Powering on this ModWright Instruments pair has to be done in the right order – the preamp first and then the amp. Otherwise, the protection circuitry in the amp might be tripped up and in the worst case, you might damage your speakers. The preamp takes about 20 seconds to start up, while the amp takes closer to 55 seconds. I had the ModWright Instruments pair hooked up to my trusty Focal Electra 1008 Be II speakers and used the Bryston BDP-1 Digital Player / BDA-1 DAC and the Clearaudio Concept turntable as my sources.
During the first two months this duo spent at my house, I listened to plenty of different types of music and gave the components ample time to burn-in. Unfortunately when I was about to sit down and begin my critical listening for this review, an issue surfaced with the LS 100 preamp. Suddenly it began introducing a noticeable noise into the signal chain and also became ultra sensitive to any kinds of vibrations – the smallest tap on the case got amplified right to the speakers (even walking in front of my system caused this to happen). It turned out that one or more of the tubes had become microphonic, something that can happen with tubes. However ModWright quickly rectified the problem by sending me a new set. After going through the burn-in process again, I was finally ready to give this pair a proper listen.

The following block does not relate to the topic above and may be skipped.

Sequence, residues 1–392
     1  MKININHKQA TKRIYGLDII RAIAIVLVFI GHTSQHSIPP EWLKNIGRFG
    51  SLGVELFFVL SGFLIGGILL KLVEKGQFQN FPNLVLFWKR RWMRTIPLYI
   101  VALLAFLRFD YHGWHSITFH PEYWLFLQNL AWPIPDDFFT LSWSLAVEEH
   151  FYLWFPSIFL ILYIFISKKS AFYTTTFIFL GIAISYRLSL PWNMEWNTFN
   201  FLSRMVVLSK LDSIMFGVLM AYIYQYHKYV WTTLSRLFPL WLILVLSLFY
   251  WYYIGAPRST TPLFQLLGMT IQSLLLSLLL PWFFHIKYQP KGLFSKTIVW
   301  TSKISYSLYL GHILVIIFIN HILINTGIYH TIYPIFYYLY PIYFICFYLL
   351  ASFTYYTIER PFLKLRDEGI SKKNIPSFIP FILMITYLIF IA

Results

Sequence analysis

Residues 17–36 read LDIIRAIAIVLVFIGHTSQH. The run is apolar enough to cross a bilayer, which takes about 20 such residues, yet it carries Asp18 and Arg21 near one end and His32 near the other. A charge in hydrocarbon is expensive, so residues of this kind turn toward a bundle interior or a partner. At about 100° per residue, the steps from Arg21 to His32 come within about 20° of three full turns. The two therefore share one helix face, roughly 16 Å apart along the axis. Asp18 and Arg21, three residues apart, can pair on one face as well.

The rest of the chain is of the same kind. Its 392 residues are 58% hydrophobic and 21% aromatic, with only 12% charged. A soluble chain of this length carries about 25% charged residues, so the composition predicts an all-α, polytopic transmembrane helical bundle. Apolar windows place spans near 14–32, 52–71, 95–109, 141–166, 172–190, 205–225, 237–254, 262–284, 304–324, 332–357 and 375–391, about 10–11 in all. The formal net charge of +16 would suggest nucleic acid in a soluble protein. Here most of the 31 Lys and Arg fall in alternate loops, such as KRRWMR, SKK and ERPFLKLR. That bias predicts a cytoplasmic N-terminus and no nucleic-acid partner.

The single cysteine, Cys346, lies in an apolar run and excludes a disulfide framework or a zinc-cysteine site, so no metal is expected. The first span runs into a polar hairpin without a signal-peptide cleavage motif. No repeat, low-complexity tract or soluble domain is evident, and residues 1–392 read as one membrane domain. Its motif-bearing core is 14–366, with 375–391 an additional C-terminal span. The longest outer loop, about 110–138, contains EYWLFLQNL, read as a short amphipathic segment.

I have to admit that I was pretty excited about the combination of a tube preamp and a solid state amp working together to produce sound – I figured that if they worked well together I could potentially have the best of both worlds. It’s become somewhat of a tradition now, that every time I test a new component I go on a new album shopping spree. Among the new artists, now loaded on my SSD drive and played by the Bryston digital player, were Sonoio, Alabama Shakes, City and Colour, The Lumineers and Alex Clare. As part of my tests I of course included numerous albums that I’ve listened to before on many other components.
I began my listening session with Rebecca Pidgeon’s “Spanish Harlem” from the Best Audiophile Voices Collection. I was immediately captivated by the realness of the sound produced by this duo. Rebecca’s voice was silky smooth and echoed gently in the originally recorded environment. The strings of the double bass were well articulated and produced rich bass notes. Similarly piano keys and the violin played with rich overtones. Everything about this presentation had a lifelike quality, as if I was listening to a live show. The highs had just the right amount of sparkle, while the bass line played tunefully and never lacked in depth. The midrange offered great clarity and rhythm.